Finding Trouble in the 303

I write to you from Denver, which is in Colorado.

This city has always been good to me, mainly because it acts as the place of reunion for my old crew from college, with whom I share a special brand of nostalgia and penchant for mischief. My birthday is coming up. I know that is neither relevant to or cared about by any of you, but every year I make a habit of informing everyone that it is my birthday for a minimum of ten days in August.

Both Denver and Austin, where I live currently, have a reputation for being subtly cool and Bohemian and generally lacking in the pretension which has become synonymous with cities like New York and San Francisco (this is soon to change for both, as the thing to do these days is migrate from NY and SF to these cities). Call them metropolitan up and comers, nexuses of affordable living and alternative culture — hipster havens, if you will.

Expansion is something you hear about endlessly in places such as this. Uniform bitching regarding subjects like traffic and tourists and rent-hiking spreads at a rate comparable to that of the population itself. It’s all “gentrification” this and “corporate culture” that. Give it a rest already. This shit happens in every city where the equilibrium for quality of life and cost of living is ideal for growth. People move to places when they are cheap and desirable, at which point they cease to be either — not exactly a groundbreaking development.

Unwitting native Texans have been asking me the same inane fucking questions since being privy to my travel plans, all of which are drug related. “So are you gonna smoke a ton of weed while you’re there?”. No. I don’t know. Maybe. What’s it to you? I should specify that these are mainly strangers who’ve got no idea how to have a conversation about Colorado that doesn’t involve decriminalization, but the repetitive nature of it remains annoying all the same.

As far as the extracurriculars go, it’s my birthday, I’ll get high if I want to. For now, though, I’m focusing on appreciating a place in which urban sprawl and natural beauty are not mutually exclusive. Denver is desperately pretty any time of year, but I’m quite partial to the summers here. There is no predicting the weather or what it will lead to, and I love that.

The Rocky Mountains are inescapable, more benevolent titans than guardian angels; they offer a kind of infinite majesty that’s hard to find anywhere else in the States (if not impossible). I was once an avid rock climber, not as much anymore, but just having the option to get up there and risk my life on some treacherous precipice allows for a certain peace of mind.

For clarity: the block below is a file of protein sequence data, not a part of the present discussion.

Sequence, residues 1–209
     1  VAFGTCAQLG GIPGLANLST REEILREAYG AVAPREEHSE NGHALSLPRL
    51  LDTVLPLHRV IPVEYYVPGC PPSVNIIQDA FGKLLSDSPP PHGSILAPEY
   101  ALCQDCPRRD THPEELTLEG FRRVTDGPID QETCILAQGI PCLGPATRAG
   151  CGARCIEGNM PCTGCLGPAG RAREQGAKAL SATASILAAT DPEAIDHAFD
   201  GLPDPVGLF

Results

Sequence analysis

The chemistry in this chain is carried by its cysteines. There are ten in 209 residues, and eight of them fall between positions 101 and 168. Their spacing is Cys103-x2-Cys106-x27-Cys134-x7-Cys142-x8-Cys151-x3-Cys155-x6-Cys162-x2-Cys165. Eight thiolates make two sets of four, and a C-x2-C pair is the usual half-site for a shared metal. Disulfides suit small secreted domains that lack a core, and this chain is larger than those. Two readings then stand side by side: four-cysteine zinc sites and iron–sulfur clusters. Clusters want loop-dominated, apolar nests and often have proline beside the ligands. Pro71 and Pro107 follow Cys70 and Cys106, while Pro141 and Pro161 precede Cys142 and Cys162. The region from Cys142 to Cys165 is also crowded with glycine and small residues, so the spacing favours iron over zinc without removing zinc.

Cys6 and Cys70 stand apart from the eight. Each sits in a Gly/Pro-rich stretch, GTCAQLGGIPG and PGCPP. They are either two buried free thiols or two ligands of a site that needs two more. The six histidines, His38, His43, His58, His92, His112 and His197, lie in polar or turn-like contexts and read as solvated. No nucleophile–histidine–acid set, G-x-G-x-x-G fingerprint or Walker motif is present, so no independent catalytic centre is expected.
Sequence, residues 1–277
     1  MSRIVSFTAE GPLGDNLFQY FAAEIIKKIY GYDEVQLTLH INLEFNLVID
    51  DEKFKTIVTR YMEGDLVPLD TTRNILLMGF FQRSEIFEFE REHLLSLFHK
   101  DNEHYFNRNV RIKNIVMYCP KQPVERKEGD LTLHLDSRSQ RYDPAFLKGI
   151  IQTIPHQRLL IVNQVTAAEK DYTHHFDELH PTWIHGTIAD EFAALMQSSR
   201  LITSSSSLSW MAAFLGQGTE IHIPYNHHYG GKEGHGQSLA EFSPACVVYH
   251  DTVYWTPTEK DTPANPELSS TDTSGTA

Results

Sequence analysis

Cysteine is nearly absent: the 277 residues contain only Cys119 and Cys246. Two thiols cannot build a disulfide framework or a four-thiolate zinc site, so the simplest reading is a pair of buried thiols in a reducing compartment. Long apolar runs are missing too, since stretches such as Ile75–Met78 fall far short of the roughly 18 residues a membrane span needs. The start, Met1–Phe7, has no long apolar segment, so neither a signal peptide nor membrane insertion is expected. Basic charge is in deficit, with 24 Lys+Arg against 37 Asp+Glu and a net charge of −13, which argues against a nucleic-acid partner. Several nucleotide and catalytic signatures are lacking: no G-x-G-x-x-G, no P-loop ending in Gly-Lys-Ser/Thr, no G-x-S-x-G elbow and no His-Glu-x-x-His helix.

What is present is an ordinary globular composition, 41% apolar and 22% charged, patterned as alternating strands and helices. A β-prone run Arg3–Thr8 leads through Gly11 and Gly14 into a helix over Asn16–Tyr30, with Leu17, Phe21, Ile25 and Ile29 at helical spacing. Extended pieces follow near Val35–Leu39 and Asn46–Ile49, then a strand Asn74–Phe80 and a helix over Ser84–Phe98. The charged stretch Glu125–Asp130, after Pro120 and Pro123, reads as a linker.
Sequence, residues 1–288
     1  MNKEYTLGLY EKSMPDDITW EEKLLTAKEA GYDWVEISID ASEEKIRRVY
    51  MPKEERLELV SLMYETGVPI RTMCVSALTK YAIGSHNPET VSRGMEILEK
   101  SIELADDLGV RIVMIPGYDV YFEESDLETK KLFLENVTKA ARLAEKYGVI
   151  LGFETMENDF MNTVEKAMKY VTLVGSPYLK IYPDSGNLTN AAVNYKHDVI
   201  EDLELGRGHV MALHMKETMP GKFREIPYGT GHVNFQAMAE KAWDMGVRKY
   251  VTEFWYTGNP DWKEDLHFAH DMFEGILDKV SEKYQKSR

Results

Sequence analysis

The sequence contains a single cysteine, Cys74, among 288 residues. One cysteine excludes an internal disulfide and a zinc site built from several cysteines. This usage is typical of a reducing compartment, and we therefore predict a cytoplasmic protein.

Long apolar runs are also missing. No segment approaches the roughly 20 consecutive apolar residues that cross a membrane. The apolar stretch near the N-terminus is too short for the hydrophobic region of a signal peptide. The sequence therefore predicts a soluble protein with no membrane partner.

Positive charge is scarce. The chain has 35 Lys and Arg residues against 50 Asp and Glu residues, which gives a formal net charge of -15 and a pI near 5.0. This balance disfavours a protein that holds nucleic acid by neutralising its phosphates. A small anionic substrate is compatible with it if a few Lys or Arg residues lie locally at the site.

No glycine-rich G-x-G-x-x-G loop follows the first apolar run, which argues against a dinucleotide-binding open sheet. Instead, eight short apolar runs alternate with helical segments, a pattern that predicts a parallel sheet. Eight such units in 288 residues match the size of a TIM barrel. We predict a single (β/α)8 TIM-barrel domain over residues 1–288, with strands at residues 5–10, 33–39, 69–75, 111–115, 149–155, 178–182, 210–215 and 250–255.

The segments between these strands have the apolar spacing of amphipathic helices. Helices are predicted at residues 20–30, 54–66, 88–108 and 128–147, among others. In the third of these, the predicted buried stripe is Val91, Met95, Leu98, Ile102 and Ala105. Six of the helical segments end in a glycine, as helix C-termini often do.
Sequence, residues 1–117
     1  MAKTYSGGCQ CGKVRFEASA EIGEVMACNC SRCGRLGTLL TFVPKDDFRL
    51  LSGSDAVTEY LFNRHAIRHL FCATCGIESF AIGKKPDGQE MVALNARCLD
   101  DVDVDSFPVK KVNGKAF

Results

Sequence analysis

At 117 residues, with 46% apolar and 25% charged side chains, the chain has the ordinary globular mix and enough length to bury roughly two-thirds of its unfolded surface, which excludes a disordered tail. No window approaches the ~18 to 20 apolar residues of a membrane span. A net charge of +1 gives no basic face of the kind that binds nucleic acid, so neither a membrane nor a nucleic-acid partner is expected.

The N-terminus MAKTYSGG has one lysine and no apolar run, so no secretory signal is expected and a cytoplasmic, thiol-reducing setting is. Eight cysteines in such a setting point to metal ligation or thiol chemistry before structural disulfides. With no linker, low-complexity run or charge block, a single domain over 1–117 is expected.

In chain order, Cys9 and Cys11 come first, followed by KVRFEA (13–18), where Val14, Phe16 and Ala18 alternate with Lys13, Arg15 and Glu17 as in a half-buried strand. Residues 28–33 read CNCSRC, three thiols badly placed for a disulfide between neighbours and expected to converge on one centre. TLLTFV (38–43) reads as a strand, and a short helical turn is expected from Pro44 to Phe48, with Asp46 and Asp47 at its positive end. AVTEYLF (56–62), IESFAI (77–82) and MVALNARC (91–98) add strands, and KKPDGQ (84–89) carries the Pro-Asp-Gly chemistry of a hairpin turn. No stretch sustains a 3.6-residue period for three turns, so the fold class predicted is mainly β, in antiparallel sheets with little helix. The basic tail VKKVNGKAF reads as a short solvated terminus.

My boys here are passionate souls, two of the best men I know. They dedicate themselves entirely to given pursuits for a given period, then have the courage to walk away from them when the time comes (women, work, whatever it may be). I believe that to be the primary catalyst to the bond of our friendship. Both possess qualities of strength and maturity which I have yet to, ones I sincerely hope some day to acquire.

One of them, a lifelong partner in crime from high school, is currently among the few people I know more obsessed with motorcycles than I am; he’s a damn sight better at riding than me, though. The other is a writer and poet, as devout a worshipper before the altar of words as myself — of course, it turns out he’s better at that than I am, too.

To say I’m on vacation would be inaccurate, because the few troubles and responsibilities I can claim are still present in my conscious. But these two make them less daunting, more manageable. They give me the confidence and self-assuredness to look the charging bull of adult life in the fucking eye and dare it to try me. I will never stop being grateful for that (or unworthy, if I’m honest).

Pointless grievances and thinly veiled pretension aside, I’m quite a fan of this hipster haven. Bring on the substance abuse and poor decision making. Let’s see what special brand of mischief and nostalgia is brought on by this weekend — which is my birthday, by the way. Have I mentioned that already?

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